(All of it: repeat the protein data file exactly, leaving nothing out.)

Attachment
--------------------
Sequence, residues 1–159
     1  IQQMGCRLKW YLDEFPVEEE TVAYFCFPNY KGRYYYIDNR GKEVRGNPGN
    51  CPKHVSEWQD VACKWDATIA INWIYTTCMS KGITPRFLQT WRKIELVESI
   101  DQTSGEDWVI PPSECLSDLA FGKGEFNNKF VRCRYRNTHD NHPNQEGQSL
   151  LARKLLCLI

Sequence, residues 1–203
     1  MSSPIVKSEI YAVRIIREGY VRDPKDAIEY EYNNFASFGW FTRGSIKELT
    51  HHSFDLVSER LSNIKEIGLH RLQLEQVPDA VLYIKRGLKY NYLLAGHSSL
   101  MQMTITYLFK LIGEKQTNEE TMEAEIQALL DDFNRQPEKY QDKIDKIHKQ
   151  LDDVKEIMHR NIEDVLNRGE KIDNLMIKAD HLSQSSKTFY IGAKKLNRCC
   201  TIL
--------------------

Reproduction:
Sequence, residues 1–159
     1  IQQMGCRLKW YLDEFPVEEE TVAYFCFPNY KGRYYYIDNR GKEVRGNPGN
    51  CPKHVSEWQD VACKWDATIA INWIYTTCMS KGITPRFLQT WRKIELVESI
   101  DQTSGEDWVI PPSECLSDLA FGKGEFNNKF VRCRYRNTHD NHPNQEGQSL
   151  LARKLLCLI

Sequence, residues 1–203
     1  MSSPIVKSEI YAVRIIREGY VRDPKDAIEY EYNNFASFGW FTRGSIKELT
    51  HHSFDLVSER LSNIKEIGLH RLQLEQVPDA VLYIKRGLKY NYLLAGHSSL
   101  MQMTITYLFK LIGEKQTNEE TMEAEIQALL DDFNRQPEKY QDKIDKIHKQ
   151  LDDVKEIMHR NIEDVLNRGE KIDNLMIKAD HLSQSSKTFY IGAKKLNRCC
   201  TIL